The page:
Inaugural Organic Harvest: Oolong Tea Roasting Process - Part Two
So here we are, in the final phase of processing the first harvest of certified organic tea from Mr. and Mrs. Lin's new farm! Here is Mrs. Lin destemming the last bit of tea before the second half of the batch is roasted for a second time.
Most oolong tea artisans agree that the most subtle and unpredictable aspect of making tea is in the roasting process. Mr. Lin is now in the process of getting to know the produce from his new crop of a new varietal of tea - Tai Cha #20. In determining how to go about roasting tea leaves, the artisan takes into account the entire process, beginning with the condition of the leaves while they are still on the bush, and the way they were cured, and how they brew after the initial processing is completed.
Here's a snapshot of Nick and Andy previewing the footage that their videographer friend Sean just shot of Mr. Lin putting the second batch in the oven to be used in our upcoming documentary of this entire event.
With the intention of producing both a light roast and a heavier roast from this harvest, two separate approaches were taken. Basically, the temperature of roasting was varied at the beginning of the roasting process and continued to be monitored and adjusted as the leaves are brewed throughout the roasting process. He we are, tasting both versions of the tea after two roastings of each, to determine which will be left as a light roast and which will undergo further roasting to produce a more traditional, heavier roasted oolong.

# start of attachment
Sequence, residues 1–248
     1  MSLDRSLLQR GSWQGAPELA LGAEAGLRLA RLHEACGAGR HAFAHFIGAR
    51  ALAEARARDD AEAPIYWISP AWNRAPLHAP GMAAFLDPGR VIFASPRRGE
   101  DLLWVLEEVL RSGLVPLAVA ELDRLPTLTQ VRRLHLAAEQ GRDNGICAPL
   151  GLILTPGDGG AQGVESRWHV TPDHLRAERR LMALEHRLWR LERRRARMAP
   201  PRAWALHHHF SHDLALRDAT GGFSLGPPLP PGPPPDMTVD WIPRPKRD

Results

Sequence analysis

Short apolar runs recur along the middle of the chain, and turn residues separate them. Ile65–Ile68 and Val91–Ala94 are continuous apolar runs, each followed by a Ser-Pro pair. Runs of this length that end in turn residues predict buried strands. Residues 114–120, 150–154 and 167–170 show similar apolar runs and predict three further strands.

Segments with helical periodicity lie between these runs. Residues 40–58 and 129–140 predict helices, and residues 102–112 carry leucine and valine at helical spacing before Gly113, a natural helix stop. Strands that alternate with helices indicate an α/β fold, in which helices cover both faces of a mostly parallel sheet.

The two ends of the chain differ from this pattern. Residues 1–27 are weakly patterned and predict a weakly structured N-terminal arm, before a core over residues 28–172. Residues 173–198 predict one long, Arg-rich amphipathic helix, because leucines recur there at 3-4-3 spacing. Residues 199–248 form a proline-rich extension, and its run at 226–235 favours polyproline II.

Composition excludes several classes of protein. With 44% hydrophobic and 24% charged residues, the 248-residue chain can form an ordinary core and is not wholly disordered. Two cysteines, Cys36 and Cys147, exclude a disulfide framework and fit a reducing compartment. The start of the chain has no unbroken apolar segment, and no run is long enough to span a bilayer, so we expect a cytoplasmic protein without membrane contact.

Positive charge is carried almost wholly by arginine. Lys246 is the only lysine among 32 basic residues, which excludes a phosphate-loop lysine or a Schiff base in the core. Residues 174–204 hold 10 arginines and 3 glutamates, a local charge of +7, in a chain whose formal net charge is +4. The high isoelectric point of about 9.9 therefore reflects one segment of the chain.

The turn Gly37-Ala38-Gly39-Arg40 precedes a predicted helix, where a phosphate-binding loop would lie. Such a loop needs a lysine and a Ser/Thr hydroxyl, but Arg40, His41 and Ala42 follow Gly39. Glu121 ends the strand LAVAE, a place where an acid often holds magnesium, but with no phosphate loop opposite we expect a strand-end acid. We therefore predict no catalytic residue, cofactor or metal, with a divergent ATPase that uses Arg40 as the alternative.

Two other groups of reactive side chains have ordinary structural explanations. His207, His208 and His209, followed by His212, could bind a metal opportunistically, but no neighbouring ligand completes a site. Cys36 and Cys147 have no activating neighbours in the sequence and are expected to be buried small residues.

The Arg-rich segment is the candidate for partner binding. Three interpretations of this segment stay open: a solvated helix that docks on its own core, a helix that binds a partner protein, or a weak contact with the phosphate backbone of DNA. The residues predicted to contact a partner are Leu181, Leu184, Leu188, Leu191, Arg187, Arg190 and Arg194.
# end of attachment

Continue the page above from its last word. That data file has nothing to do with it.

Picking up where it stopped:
After draining bowls of brewed tea as we tasted them again and again, we decided to take samples of each home and examine the brews a few more times before making a decision. This weekend a choice will be made, and the final step will be taken in producing a more roasted version of this tea, while keeping the lighter one as is. Both are tasting very nice, it's simply a judgment call about which one is optimal for another round of roasting, or maybe even two!
We are anxiously looking forward to packaging up both light and heavy roasts to send of to all of our backers who supported this campaign. Thanks again to all of you who have supported us and followed us on our journey!
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Here's a list of the top 10 teas that Taiwan is most famous for, followed by a brief description of each one. The word Oolong refers to any type of partially oxidized tea i.e. from 5% to 85% oxidation. It also refers to specific processing methods that clearly distinguish it from Green and Black Tea types.